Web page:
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Collection Reference Number GLC02437.03502
From Archive Folder The Henry Knox Papers [0079] January-March 1787 
Title Henry Knox to John Doughty about provisions, soldiers' pay and the army as a national force
Date 27 March 1787
Author Knox, Henry (1750-1806)  
Document Type Correspondence; Military document; Government document
Content Description Informs Doughty that he will help with procuring subsistence for the troops. Does not believe recruiting service will begin in New York as its quota numbers are deficient. The contracts of Morris and Wadsworth are ending as Congress is not happy with the proposals. Agrees with Doughty, who is in favor of a "national force," as he expects "every evil that can be produced from Anarchy." Also notes that "Congress have had but for a very little time nine States. Therefore nothing has been concluded on respecting higher pay for the Artillery than the Infantry." Mentions supplying artillery pieces and stores necessary for the western country and states he will have to submit estimates to the Board of Treasury, as "they hold the purse strings." Ends by stating, "The disturbances in Massachusetts have pretty nearly subsided - the Courts of Justice are now trying such of the captured culprits as appear to be most criminal," referring to the end of Shays' Rebellion. Noted as a copy and lacks a signature. Creator inferred as Henry Knox, given the content. In the hand of William Knox.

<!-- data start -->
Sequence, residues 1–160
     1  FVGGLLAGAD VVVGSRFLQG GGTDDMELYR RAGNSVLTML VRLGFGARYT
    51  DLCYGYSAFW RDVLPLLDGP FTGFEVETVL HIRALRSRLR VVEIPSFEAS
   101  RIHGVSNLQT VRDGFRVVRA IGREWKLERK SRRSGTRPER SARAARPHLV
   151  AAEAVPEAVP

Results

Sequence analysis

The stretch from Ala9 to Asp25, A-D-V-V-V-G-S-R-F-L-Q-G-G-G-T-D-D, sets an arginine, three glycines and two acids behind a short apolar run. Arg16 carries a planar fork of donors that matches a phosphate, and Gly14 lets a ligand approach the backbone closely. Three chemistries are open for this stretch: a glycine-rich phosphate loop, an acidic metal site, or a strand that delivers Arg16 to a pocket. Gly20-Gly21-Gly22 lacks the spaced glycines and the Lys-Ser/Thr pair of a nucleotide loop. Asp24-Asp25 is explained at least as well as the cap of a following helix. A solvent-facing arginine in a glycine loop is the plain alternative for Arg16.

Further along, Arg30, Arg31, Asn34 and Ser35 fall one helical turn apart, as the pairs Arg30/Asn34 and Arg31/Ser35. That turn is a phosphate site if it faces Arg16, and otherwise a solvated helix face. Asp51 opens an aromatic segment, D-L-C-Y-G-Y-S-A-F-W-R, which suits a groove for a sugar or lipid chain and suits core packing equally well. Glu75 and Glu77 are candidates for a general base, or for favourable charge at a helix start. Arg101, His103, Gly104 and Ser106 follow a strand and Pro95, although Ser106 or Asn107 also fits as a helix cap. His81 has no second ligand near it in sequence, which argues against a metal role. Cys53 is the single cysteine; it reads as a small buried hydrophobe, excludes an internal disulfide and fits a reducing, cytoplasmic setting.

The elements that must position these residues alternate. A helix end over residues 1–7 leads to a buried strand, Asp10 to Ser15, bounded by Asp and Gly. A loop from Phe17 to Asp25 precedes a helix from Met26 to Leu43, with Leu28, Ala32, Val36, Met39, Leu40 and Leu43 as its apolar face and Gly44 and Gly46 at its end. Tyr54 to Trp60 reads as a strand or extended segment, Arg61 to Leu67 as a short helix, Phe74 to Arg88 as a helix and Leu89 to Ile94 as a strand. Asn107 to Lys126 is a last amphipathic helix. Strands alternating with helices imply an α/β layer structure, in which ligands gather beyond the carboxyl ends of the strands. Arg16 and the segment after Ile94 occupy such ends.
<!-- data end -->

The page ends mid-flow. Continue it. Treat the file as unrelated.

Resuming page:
Subjects Revolutionary War General  Military History  Military Provisions  Soldier's Pay  Finance  Recruitment  Continental Congress  Congress  Standing Army  Artillery  Infantry  Military Supplies  Frontiers and Exploration  Westward Expansion  Rebellion  Mobs and Riots  Shays' Rebellion  Land Transaction  Criminals and Outlaws  Contract  
People Doughty, John (1754-1826)  Knox, Henry (1750-1806)  
Place written New York, New York
Theme Government & Politics; Creating a New Government
Sub-collection The Henry Knox Papers
Copyright The Gilder Lehrman Institute of American History
Module Settlement, Commerce, Revolution and Reform: 1493-1859
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